Yesterday I did a post about a filter words, which I’ve labelled as the Worst Offender in my slush pile. This is true at the prose/sentence level, but what about some of the other issues that I’m seeing that pertain more to story structure, etc?
To make this post a little more fun, I’ve tried to order each entry as how I would notice it as I read the story with my editor’s hat on. These are probably the first 3 things that will, (at least with me, but also with many other editors), result in your short story being rejected. I’m writing about these issues in the context of short stories, but these are pertinent issues for longer form work such as novels and novellas, too.
1- Pre-Incident waffle:
In the Pre-Incident Waffle scenario, the the author doesn’t start the story close enough to the start of the actual story/inciting incident/action. This results in two pages of waffle before the story starts going somewhere. Much of it is beautiful description and exposition; much of it is lovely waffle-but waffles are for breakfast, they’re not a tool for writing short stories.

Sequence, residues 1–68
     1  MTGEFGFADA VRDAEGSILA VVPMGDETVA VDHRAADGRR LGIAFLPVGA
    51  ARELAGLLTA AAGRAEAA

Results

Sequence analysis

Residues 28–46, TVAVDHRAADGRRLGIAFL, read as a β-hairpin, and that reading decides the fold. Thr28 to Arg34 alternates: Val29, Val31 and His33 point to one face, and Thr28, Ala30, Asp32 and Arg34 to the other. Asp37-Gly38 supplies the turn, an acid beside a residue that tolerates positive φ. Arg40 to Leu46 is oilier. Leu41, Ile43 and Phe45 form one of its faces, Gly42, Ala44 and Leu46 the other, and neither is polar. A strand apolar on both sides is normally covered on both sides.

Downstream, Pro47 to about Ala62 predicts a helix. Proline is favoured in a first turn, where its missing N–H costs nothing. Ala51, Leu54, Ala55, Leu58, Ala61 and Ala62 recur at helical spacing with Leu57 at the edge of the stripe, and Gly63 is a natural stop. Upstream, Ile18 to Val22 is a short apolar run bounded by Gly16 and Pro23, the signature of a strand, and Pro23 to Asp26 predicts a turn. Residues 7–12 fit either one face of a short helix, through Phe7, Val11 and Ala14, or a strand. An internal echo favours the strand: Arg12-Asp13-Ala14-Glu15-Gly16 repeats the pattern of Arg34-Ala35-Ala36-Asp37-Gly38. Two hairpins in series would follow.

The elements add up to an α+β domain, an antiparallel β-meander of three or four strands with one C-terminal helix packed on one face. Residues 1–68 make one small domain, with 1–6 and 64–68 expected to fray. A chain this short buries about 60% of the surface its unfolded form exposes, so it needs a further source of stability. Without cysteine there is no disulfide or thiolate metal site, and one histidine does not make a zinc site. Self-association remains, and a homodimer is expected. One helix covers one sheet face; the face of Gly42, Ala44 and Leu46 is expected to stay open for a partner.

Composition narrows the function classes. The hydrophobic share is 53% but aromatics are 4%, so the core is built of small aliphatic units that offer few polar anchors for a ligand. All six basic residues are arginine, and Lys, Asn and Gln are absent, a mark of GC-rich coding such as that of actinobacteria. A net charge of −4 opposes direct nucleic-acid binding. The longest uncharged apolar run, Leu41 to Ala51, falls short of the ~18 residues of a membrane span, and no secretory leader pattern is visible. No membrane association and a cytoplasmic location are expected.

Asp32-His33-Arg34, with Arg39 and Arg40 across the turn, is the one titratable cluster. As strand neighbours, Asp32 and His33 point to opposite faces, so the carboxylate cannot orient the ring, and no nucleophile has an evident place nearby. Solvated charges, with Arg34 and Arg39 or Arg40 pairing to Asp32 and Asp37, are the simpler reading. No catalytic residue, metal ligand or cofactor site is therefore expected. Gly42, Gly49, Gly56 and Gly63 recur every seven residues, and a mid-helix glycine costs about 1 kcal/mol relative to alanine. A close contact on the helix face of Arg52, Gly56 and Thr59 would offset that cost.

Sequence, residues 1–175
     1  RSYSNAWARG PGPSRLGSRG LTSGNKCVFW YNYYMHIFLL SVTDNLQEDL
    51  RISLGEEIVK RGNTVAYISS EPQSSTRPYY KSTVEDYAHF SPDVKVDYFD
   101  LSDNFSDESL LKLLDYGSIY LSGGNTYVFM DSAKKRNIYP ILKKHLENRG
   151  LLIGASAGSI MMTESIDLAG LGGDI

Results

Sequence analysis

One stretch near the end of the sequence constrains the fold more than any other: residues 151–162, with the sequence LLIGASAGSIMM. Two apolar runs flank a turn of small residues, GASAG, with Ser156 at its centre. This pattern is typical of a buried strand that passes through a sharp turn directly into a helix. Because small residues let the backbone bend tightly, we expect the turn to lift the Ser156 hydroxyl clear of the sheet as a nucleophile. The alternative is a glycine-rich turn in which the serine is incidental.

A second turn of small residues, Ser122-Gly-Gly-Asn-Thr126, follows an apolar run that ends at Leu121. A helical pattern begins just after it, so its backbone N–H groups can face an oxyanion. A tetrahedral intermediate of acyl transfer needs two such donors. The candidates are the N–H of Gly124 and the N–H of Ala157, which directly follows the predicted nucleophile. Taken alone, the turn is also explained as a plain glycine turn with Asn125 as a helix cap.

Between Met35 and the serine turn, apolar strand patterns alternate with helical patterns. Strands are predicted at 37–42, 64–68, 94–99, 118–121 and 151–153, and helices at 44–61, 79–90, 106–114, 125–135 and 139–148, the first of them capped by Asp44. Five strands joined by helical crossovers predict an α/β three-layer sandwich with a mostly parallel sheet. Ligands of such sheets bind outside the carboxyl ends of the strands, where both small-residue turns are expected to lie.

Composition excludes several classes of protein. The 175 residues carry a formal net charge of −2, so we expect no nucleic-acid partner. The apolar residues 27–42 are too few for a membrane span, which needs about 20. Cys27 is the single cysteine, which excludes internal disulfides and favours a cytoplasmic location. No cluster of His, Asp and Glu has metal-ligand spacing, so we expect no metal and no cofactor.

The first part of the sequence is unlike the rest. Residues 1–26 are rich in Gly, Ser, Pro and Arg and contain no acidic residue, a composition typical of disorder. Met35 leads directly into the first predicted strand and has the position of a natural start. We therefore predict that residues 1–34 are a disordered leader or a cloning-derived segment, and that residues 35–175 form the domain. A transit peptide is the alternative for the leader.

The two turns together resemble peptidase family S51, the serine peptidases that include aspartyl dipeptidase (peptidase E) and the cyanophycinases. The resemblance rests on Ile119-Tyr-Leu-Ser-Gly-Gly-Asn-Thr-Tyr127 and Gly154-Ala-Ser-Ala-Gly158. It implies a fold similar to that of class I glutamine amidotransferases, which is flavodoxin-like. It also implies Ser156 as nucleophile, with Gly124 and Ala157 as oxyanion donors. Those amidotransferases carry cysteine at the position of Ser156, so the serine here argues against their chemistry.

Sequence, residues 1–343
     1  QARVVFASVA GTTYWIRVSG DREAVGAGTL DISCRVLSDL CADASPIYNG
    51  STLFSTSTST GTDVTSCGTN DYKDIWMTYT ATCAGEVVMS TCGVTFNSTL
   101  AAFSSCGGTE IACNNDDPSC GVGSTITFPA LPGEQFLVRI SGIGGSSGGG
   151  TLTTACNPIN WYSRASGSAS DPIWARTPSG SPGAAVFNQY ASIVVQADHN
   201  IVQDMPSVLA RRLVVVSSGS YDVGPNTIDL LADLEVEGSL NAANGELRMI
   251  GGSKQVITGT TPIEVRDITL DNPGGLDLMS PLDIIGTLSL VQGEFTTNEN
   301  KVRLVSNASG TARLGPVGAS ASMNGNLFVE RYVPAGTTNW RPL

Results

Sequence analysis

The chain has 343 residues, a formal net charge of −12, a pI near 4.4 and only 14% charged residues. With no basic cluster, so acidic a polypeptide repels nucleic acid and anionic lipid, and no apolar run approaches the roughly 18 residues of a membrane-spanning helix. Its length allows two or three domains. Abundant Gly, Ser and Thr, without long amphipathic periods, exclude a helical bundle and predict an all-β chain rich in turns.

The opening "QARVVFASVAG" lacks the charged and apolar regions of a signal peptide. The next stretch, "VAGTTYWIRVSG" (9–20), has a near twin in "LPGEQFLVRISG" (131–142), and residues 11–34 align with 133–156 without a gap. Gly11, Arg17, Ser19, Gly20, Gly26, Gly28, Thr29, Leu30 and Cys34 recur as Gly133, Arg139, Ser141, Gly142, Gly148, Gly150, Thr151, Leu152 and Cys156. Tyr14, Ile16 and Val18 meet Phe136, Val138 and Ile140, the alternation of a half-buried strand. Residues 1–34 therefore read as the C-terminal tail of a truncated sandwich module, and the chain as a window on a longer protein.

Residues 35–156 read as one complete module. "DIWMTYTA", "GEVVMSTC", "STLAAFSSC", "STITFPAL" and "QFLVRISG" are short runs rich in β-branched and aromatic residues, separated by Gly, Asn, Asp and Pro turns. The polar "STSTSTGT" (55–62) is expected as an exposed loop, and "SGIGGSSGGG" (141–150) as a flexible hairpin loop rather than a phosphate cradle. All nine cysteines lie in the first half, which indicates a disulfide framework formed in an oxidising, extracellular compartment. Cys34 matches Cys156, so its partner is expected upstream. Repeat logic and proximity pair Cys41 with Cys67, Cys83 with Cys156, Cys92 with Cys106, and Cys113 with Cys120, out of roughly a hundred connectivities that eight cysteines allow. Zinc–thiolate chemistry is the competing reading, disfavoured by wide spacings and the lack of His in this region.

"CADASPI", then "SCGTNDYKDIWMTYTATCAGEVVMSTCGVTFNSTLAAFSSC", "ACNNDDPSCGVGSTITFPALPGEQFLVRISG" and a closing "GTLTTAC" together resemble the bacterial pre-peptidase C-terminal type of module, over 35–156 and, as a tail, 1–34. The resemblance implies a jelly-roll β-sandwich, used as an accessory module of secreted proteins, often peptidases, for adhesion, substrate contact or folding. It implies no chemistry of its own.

2- No Inciting Incident:
The inciting incident is point where your story takes off. It’s a figurative door that your character steps 0ut from and through which they cannot return. It is an event, early on the in story, that upsets the equilibrium in the character’s life, posits them a question and/or forces them to take action. The protagonist tries to find a resolution, or answer to this question. The antagonist seeks to prevent this. This is the catalyst for conflict and the crucible within which the action that makes your story really go places.